Daphne AL electrical billing errors continue

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February 20, 2000

Electric bills shock some customers 02/20/2000 By JANE NICHOLES Staff Reporter

DAPHNE - Amy Challoner watched last week as her neighbors headed to their Plantation Hills mailboxes and checked their electric bills. They reacted with the same shock as she did when she found that her bill for this month was $218, up from $95 the month before.

She saw one woman clap her hands to her chest. Another woman almost cried.

"The language - I've never heard my neighbors swearing," Challoner said.

Challoner and her neighbors are apparent victims of a billing glitch at Riviera Utilities. Last week, the company began staggering its billing cycle without notifying its customers.

The result, according to General Manager Sewell St. John: some 1,000 Eastern Shore customers received bills for five or six weeks of service, bills that already were higher because of the recent cold snap.

"We would make every effort to work with anyone who has a financial crunch," St. John said Friday. "They have our apologies as well."

Because of the growth in its service base, especially along the Eastern Shore, Riviera intended to switch to staggered billing cycles rather than sending all bills out at the same time of the month. But St. John said the switch was supposed to begin in April and the company intended to send letters notifying customers of the change and letting them know that their bills might be higher or lower in the beginning.

Also, April bills are among the lowest of the year because customers are not dealing with extremes of heat or cold, and the idea was to create as little inconvenience as possible, he said.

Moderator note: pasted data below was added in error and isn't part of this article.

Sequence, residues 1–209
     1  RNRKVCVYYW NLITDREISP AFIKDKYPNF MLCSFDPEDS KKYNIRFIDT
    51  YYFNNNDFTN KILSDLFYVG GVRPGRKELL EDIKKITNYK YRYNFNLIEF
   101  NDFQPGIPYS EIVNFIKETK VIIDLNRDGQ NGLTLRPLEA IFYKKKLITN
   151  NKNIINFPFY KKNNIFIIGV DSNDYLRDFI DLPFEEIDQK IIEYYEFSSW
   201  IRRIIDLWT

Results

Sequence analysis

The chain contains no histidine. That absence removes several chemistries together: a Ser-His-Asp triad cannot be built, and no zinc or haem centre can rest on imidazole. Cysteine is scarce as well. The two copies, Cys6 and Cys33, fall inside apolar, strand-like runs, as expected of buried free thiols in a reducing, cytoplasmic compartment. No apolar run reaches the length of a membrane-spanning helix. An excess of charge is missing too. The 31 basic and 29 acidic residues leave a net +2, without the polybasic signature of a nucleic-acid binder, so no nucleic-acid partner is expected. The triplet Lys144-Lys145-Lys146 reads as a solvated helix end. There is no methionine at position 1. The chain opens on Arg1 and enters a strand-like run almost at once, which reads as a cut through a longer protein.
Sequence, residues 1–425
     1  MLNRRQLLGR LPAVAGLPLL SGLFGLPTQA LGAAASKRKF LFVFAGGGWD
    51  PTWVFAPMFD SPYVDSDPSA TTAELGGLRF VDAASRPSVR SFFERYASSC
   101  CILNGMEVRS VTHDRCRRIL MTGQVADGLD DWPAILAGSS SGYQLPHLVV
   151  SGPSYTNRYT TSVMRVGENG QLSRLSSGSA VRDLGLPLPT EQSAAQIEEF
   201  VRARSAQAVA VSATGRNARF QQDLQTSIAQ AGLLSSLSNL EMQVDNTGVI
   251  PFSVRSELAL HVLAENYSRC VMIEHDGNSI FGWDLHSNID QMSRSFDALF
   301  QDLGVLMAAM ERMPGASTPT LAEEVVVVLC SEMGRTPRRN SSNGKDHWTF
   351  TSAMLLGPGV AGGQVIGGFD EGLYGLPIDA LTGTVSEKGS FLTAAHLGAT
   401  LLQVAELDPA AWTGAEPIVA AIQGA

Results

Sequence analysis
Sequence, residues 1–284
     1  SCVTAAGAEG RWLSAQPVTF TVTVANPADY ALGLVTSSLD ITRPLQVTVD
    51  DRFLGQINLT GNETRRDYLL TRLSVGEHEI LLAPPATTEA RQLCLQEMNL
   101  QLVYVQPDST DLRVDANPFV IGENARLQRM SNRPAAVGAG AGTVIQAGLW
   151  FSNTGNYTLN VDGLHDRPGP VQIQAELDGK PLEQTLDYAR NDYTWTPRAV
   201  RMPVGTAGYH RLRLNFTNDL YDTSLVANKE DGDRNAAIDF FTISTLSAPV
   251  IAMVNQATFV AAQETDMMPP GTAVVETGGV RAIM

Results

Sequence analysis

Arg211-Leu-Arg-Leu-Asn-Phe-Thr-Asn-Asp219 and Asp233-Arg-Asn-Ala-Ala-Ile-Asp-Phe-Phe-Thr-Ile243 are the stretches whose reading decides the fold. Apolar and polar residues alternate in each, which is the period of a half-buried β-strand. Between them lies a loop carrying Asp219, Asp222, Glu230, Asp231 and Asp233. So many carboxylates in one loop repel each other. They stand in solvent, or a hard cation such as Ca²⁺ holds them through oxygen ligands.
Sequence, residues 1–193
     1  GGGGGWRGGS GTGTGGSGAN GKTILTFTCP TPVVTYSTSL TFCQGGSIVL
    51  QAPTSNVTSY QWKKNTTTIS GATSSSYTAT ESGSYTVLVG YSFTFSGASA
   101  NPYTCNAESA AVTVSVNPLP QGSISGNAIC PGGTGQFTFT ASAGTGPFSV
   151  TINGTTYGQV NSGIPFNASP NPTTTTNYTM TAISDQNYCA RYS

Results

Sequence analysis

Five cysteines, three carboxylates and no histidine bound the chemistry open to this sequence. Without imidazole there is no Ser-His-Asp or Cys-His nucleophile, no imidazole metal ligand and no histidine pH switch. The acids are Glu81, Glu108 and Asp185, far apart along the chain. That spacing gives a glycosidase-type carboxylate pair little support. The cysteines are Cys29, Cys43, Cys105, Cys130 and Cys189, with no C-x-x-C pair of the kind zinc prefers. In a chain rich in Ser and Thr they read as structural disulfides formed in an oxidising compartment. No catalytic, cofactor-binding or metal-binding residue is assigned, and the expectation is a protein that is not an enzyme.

"Somehow or other we implemented this a couple of months before it was supposed to take place," St. John said Friday. "I still am not sure exactly how it happened."

However, St. John attributed the mistake to human error, not to the Y2K computer bug or other technical problem.

Riviera serves about 29,000 customers, of which about 16,300 are in the Eastern Shore area. About one-quarter of the Eastern Shore customers received bills covering from as little as two weeks to as much as six weeks of service, St. John said.

The cold snap only made things worse for those who received bills covering five or six weeks, he acknowledged. "I feel certain that this is the reason that they're upset," he said.

Challoner's daughter, Jennifer Andrews, also lives in the Plantation Hills subdivision on U.S. 90. "It seemed like all the electric bills have doubled and tripled," Andrews said.

Andrews' own bill was $275, up from $118 last month. "It's scary when you get a utility bill the size of a car payment," she said.

Riviera's western division office in Daphne has been bombarded with telephone calls from irate customers, so much so that its employees are having trouble getting outside lines to return the calls, St. John said. "We had a continuum of calls, and I think rightfully so," he said.

St. John is asking affected customers to be patient and said their phone calls will be returned eventually.

Although the bills won't be reduced, St. John pledged that no one need worry about having their service disconnected because they cannot immediately pay the unexpectedly high charges.

The customers hit hardest by the high bills will receive letters of apology. Other customers will also receive written notification of the change in the billing cycle, which St. John said cannot be stopped now that implementation has begun, however inadvertently.


-- Martin Thompson (mthom1927@aol.com), February 20, 2000

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